The official language is Croatian. Laws passed in May 2000 regulate the status of minority languages and alphabets and their official use on the local level (Law on the Use of Language and Script of National Minorities in the Republic of Croatia, NN 51/00). The laws also offer the possibility of education programmes (primary and secondary school level) in minority languages (Law on Education in the Language and Script of National Minorities, NN 51/00, NN 56/00). Such programmes have been established for Czech, Hungarian, German, Serbian and Italian minorities. The first preregistered primary schools in the Serbian language were opened in 2002. The laws are effective in areas where language groups are concentrated, e.g. the use of the Serbian language and Cyrillic alphabet in East Slavonia, of the Italian language in Istria, etc. These laws were received favourably by the ethnic minority groups. However, in 2013 the implementation of the double-script (Latin-Cyrillic) plaques on the official buildings in Vukovar and some other cities caused protests by the Croatian representatives of war veteran communities, and they are still in dispute.
In line with the Law on Croatian Radio-Television and the Law on Electronic Media, Croatian Radio-Television has special and regular news programmes in several minority languages. Local radio stations also have special programmes in minority languages.
The school curricula include supplements in minority languages (language, literature, history, art and music); there are optional programmes for mother tongue learning at various summer schools.
Apart from these supplementary minority language classes in school, language pluralism is not widely debated due to the low numbers of linguistic minorities in Croatia, and the fact that Serbian, Bosnian and Croatian are mutually understandable.
A lot of attention has been paid to promotion of Croatian language and culture abroad; teaching of Croatian language and literature for Croatians in Diaspora is supported through programs of financing by the Ministry of Science, Education and Sports in 20 countries around the world. In some countries the classes are organized as a part of regular educational curricula, while in some countries it is organized as extracurricular activity in the auspices of Croatian Diaspora community activities. The Ministry of Science, Education and Sports also organizes and finances the network of Reader in Croatian Language and Literature exchange positions in 28 different higher education institutions around the world, and three centres for Croatian Studies in Australia and Canada. Foreign students of Croatian gain scholarships at ‘Croaticum’ study programme at Faculty of Humanities and Social Sciences, University of Zagreb, as well as through the Croatian Seminar for Foreign Slavic Studies or the ‘Zagreb School of Slavic Studies’ at the Inter University Centre (IUC) in Dubrovnik.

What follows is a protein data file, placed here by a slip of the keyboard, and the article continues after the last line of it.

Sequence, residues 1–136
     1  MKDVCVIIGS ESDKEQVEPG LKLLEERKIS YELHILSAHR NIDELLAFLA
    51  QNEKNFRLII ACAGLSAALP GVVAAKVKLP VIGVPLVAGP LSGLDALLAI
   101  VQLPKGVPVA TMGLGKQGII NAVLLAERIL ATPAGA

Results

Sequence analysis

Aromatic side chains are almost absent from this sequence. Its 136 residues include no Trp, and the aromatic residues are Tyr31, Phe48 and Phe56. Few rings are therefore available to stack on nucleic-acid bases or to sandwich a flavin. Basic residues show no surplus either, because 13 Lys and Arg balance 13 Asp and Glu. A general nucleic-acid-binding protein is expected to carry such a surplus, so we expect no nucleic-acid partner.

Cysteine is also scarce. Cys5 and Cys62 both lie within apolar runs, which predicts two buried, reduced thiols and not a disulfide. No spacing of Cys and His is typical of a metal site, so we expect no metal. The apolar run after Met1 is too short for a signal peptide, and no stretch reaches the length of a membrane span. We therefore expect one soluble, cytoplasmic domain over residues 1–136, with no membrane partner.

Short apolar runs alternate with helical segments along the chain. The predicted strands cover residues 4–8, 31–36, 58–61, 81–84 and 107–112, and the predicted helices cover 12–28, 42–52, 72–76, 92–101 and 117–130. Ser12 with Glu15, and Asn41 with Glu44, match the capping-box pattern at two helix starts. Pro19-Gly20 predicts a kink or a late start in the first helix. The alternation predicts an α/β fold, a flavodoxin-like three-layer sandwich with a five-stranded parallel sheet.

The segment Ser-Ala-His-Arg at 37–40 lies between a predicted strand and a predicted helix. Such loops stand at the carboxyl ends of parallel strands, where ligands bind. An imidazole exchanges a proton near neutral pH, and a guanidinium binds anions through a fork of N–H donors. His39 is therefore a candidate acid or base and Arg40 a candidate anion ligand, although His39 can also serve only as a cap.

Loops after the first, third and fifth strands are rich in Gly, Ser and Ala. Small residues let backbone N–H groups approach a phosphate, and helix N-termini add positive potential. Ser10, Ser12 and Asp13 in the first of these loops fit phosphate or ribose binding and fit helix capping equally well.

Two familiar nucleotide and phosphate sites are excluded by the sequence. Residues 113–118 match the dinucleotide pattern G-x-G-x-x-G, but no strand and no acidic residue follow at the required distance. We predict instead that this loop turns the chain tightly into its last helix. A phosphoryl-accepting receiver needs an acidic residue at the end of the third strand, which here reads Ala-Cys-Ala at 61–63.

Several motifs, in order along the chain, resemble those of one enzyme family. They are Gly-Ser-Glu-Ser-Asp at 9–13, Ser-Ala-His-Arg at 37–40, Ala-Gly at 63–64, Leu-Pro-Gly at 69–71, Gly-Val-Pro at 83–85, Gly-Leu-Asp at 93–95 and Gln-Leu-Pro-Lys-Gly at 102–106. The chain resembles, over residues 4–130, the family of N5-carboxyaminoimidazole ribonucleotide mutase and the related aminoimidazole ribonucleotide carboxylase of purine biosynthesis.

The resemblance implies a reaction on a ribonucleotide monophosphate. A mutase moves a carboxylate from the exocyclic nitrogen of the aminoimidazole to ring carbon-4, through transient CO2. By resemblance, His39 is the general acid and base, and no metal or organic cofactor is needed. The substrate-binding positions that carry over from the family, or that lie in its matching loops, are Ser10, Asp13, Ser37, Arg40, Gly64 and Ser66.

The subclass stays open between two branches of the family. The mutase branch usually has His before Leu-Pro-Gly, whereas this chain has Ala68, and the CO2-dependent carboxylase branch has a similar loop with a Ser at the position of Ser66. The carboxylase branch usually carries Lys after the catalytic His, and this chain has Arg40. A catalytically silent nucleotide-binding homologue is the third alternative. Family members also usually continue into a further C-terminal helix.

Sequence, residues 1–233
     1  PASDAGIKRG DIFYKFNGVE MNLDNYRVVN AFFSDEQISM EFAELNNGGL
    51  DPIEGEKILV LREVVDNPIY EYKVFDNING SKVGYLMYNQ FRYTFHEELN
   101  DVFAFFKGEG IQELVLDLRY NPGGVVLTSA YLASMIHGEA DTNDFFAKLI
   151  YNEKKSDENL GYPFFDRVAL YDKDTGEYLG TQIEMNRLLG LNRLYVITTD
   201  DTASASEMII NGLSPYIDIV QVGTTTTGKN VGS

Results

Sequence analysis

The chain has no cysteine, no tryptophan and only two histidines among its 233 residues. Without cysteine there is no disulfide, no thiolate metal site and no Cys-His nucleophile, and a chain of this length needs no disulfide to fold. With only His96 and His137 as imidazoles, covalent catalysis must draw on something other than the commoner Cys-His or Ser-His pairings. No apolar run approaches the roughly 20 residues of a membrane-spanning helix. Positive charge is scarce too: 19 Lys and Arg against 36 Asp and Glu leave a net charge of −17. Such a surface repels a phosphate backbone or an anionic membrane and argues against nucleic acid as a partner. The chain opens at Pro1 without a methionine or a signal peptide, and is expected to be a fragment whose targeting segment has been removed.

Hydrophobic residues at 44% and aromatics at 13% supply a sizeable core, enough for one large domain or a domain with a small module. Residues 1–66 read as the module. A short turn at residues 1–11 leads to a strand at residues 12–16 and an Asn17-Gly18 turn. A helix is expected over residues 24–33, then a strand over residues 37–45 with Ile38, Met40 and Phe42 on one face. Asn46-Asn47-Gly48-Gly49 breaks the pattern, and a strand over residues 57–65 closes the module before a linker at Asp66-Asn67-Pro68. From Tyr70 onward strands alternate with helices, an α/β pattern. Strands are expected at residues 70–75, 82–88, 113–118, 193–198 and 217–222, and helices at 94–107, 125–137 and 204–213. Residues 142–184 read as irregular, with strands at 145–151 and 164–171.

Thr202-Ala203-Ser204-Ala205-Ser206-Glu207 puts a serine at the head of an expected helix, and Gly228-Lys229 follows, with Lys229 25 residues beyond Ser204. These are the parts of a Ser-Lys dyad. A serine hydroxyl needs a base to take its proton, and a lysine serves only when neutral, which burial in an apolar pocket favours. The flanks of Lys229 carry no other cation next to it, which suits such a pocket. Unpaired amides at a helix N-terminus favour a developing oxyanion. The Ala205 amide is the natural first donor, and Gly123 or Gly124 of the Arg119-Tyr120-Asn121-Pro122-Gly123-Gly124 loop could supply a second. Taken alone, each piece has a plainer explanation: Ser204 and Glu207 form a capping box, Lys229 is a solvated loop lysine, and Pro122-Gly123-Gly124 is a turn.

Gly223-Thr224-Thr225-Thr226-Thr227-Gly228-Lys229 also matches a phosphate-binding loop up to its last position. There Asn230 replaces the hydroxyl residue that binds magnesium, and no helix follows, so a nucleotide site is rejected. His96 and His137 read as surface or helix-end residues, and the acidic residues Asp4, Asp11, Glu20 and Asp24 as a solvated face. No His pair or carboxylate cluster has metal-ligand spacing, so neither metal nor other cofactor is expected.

In the context of language policies, one must mention the trends in lexicography; the Miroslav Krleža Institute of Lexicography (http://www.lzmk.hr) launched the 11th, last volume of Croatian Encyclopaedia in December 2009 at the special inauguration in Zagreb. This large and demanding project started in 1999. Croatian Encyclopaedia is a key work of Croatian lexicography and includes more than ten thousand pages, seventy thousand articles and more than a million lines of text. In 2013 the encyclopaedia became available online together with other lexicons (i.e. film lexicon, lexicon on the work of Miroslav Krleža etc.) produced by the MK Institute.